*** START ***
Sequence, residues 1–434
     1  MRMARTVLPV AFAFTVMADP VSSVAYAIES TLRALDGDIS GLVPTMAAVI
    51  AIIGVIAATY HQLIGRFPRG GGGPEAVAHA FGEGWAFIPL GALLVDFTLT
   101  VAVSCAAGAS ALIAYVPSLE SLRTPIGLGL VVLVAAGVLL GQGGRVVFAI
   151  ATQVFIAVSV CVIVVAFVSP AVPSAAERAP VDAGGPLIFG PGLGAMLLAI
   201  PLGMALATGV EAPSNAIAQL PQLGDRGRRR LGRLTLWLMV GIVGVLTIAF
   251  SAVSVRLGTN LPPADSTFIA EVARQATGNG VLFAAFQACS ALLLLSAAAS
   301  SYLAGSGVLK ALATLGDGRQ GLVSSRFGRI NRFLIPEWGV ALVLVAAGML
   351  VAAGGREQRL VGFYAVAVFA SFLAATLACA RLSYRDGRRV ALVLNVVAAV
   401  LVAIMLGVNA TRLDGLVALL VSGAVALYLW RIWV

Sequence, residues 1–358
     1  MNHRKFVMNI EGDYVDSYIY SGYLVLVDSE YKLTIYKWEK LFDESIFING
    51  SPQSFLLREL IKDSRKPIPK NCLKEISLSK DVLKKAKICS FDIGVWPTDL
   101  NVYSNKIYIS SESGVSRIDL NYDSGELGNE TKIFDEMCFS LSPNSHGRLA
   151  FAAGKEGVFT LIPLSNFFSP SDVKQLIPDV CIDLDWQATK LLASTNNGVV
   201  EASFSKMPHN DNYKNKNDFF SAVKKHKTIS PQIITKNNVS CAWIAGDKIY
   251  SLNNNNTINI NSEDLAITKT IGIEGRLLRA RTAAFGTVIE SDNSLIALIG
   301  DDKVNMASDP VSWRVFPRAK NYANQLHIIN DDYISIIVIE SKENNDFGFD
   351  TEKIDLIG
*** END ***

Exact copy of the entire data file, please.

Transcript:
Sequence, residues 1–434
     1  MRMARTVLPV AFAFTVMADP VSSVAYAIES TLRALDGDIS GLVPTMAAVI
    51  AIIGVIAATY HQLIGRFPRG GGGPEAVAHA FGEGWAFIPL GALLVDFTLT
   101  VAVSCAAGAS ALIAYVPSLE SLRTPIGLGL VVLVAAGVLL GQGGRVVFAI
   151  ATQVFIAVSV CVIVVAFVSP AVPSAAERAP VDAGGPLIFG PGLGAMLLAI
   201  PLGMALATGV EAPSNAIAQL PQLGDRGRRR LGRLTLWLMV GIVGVLTIAF
   251  SAVSVRLGTN LPPADSTFIA EVARQATGNG VLFAAFQACS ALLLLSAAAS
   301  SYLAGSGVLK ALATLGDGRQ GLVSSRFGRI NRFLIPEWGV ALVLVAAGML
   351  VAAGGREQRL VGFYAVAVFA SFLAATLACA RLSYRDGRRV ALVLNVVAAV
   401  LVAIMLGVNA TRLDGLVALL VSGAVALYLW RIWV

Sequence, residues 1–358
     1  MNHRKFVMNI EGDYVDSYIY SGYLVLVDSE YKLTIYKWEK LFDESIFING
    51  SPQSFLLREL IKDSRKPIPK NCLKEISLSK DVLKKAKICS FDIGVWPTDL
   101  NVYSNKIYIS SESGVSRIDL NYDSGELGNE TKIFDEMCFS LSPNSHGRLA
   151  FAAGKEGVFT LIPLSNFFSP SDVKQLIPDV CIDLDWQATK LLASTNNGVV
   201  EASFSKMPHN DNYKNKNDFF SAVKKHKTIS PQIITKNNVS CAWIAGDKIY
   251  SLNNNNTINI NSEDLAITKT IGIEGRLLRA RTAAFGTVIE SDNSLIALIG
   301  DDKVNMASDP VSWRVFPRAK NYANQLHIIN DDYISIIVIE SKENNDFGFD
   351  TEKIDLIG